MVRDV’s 2,400 m2 interior renovation for their new offices, with 150 work spaces, had at its core the idea to capture and enhance their DNA in what is now called the MVRDV House. The new space builds on the progress made in previous offices, learns from how the team inhabited and worked in the previous building and translated these into new, more accommodating and productive spaces.
- 2400 m²
- Architecture , Transformations , Interiors
MVRDV’s 2,400 m2 interior renovation for their new offices, with 150 workspaces, had at its core the idea to capture and enhance their DNA in what is now called the MVRDV House. The new space builds on the progress made in previous offices, learns from how the team inhabited and worked in the previous building and translated these into new, more accommodating and productive spaces.
“The expanding MVRDV family needed a new house; so this is exactly what we tried to capture. Everything that the home requires, a living room, a dining room, a sofa for the whole house to sit together,” explains MVRDV co-founder Jacob van Rijs. “This was also a chance to capture how we work and function as an office, then tailor-make new spaces that would boost our working methods and output; efficient spaces that enhance the collaborative ways in which we work.”
The large Family Room becomes the centrepiece for social interaction with three oversized elements of the home, the couch, dinner table and vegetation chandelier – a large tribune with a drop-down projection screen for lectures, office presentations or football; the long lunch table, at which the whole office gathers together daily; and a huge, split, flowerpot, which has in the middle MVRDV’s ’welcome team’. Past this, The Atelier for the project teams takes up the main bulk of the central space and is light and quiet. A glazed wall, covered in doodles and working diagrams, separates the atelier from the living room stretching right across the centre three - out of five – main arches. Opposite this, like a section through a dolls-house, are the bold, multi-coloured meeting rooms. Each has its own theme and specific furniture for different ways of meeting; The Drawing Room with whiteboard magnet walls for workshops, The Board Room in dark blue for larger formal meetings, The Lounge with low chairs for conversations in private, the brown and intimate Reading Room and The Game Room for playing or informal meetings at the table-tennis table. And of course, several other special monochrome rooms.
The five arched segments of the offices are enhanced, the previously enclosed areas were knocked open and replaced with glazed walls. From almost every point in the office, you can see other people within the space. The workspaces themselves hope to breed a collective atmosphere. Custom-made tables were designed for entire teams as one large unit with no table legs or dividers in the way.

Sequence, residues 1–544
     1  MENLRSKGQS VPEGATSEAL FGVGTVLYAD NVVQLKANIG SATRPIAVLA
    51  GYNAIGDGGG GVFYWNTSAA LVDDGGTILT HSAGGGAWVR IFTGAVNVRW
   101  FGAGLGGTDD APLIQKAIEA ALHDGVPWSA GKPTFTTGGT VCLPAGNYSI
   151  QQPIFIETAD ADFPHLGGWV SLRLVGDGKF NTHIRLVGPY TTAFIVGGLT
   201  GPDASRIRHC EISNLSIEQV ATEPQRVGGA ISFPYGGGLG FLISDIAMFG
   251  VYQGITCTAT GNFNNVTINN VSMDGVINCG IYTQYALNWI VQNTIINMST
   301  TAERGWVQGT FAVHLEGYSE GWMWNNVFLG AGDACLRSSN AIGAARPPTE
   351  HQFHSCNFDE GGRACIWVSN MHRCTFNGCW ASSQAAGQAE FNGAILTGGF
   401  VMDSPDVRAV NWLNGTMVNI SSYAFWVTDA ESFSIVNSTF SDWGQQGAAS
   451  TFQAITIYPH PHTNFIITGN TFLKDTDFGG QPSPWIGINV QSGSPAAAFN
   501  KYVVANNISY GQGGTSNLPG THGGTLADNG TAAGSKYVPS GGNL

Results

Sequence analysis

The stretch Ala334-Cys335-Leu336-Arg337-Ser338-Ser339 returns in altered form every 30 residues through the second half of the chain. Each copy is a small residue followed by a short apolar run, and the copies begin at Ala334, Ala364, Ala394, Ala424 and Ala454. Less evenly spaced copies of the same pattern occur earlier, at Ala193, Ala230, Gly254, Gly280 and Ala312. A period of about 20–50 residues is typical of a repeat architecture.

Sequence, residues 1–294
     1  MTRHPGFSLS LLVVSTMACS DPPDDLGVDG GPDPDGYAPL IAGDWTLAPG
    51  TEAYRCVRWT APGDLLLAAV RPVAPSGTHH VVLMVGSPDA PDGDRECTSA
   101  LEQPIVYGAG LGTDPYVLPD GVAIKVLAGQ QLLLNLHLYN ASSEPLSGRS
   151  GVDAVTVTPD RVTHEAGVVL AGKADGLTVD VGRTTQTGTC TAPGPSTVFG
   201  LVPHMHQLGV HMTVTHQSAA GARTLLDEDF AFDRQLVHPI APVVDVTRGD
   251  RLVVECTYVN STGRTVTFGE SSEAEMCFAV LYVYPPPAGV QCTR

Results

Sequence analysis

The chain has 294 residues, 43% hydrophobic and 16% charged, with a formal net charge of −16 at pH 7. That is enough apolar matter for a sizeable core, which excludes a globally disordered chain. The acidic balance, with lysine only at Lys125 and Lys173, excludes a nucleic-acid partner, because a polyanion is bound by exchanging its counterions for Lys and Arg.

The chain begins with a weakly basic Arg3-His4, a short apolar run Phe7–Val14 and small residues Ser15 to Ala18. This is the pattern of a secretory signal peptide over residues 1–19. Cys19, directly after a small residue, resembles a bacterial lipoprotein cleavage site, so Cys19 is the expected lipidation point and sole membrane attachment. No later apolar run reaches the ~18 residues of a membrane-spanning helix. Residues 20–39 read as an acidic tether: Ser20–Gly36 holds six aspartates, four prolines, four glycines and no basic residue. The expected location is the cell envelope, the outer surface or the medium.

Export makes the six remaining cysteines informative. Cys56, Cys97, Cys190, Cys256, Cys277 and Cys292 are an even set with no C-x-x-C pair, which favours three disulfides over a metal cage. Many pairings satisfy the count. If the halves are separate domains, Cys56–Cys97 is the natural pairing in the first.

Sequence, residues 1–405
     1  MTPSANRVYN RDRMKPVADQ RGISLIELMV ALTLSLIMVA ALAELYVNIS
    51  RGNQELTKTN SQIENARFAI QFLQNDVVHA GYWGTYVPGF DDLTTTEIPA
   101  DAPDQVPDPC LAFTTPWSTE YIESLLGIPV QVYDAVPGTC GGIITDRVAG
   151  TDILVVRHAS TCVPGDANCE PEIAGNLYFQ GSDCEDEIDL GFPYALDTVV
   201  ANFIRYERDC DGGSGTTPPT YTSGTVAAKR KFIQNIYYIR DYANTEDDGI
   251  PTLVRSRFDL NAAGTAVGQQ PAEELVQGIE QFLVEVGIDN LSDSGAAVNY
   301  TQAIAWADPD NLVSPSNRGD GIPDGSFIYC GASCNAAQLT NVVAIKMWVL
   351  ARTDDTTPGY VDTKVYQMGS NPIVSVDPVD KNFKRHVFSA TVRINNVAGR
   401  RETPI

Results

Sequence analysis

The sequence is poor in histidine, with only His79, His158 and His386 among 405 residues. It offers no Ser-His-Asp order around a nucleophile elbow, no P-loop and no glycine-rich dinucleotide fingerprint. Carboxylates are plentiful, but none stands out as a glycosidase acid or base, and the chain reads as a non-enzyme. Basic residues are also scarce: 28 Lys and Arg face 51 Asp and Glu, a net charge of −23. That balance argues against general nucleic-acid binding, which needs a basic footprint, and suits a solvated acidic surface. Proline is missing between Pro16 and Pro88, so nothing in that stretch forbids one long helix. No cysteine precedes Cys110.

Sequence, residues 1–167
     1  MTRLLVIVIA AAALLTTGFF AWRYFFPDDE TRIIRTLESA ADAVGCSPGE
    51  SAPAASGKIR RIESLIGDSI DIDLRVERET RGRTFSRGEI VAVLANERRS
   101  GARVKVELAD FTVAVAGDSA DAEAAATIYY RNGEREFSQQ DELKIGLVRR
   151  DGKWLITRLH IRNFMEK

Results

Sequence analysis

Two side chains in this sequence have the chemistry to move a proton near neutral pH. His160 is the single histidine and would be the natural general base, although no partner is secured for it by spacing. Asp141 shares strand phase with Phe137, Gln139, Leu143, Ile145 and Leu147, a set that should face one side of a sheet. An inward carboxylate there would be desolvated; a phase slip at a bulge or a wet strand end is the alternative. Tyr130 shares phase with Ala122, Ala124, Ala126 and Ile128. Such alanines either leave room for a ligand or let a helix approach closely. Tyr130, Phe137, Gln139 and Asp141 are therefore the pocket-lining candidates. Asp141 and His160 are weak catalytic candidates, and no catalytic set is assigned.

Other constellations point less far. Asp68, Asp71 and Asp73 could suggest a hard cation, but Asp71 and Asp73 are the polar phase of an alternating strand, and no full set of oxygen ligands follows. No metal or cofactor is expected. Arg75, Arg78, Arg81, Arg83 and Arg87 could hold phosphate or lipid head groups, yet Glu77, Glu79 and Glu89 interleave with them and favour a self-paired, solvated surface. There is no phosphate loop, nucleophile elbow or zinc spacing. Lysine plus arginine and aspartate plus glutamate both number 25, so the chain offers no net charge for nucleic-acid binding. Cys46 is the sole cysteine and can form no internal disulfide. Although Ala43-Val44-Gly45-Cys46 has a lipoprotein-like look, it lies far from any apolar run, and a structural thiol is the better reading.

The creative work attitude is furthermore reflected in some specific characteristics: Unlike the rest of the office who enjoy light-filled rooms and views across the office, the directors choose to have their space tucked away in a darker corner, on the ground floor close to the printer and coffee corner, to encourage them to be out amongst the rest of the MVRDV team. Gender-neutral toilets, a wall with family pictures and a communal, 30-meter long lunch table are signs of the social fabric of the company.
The building housing MVRDV’s new offices, Het Industriegebouw, is in itself a large community of creative, technical and entrepreneurial industries; everything ranging from small tech start-ups to larger design firms. Pop-up cafés and restaurants create an occasion for users of the building to congregate; something which will be further enhanced once MVRDV designs the communal courtyard for the building.
“For us, it also makes a lot of sense to be part of Het Industriegebouw as a building and a community,” tells Jacob van Rijs. “Now we share a workspace that could allow for future, flexible growth and collaboration within the building, just as was the design intent of the original architect.”
The building was originally designed by Dutch post-war architect Hugh Maaskant in 1952 who also designed iconic buildings in the city such as the Groot Handelsgebouw, whose roof was the destination of MVRDV’s project ‘The Stairs’ between mid-May to the end of June, and the Hilton Hotel in Rotterdam’s centre.
- Principal in charge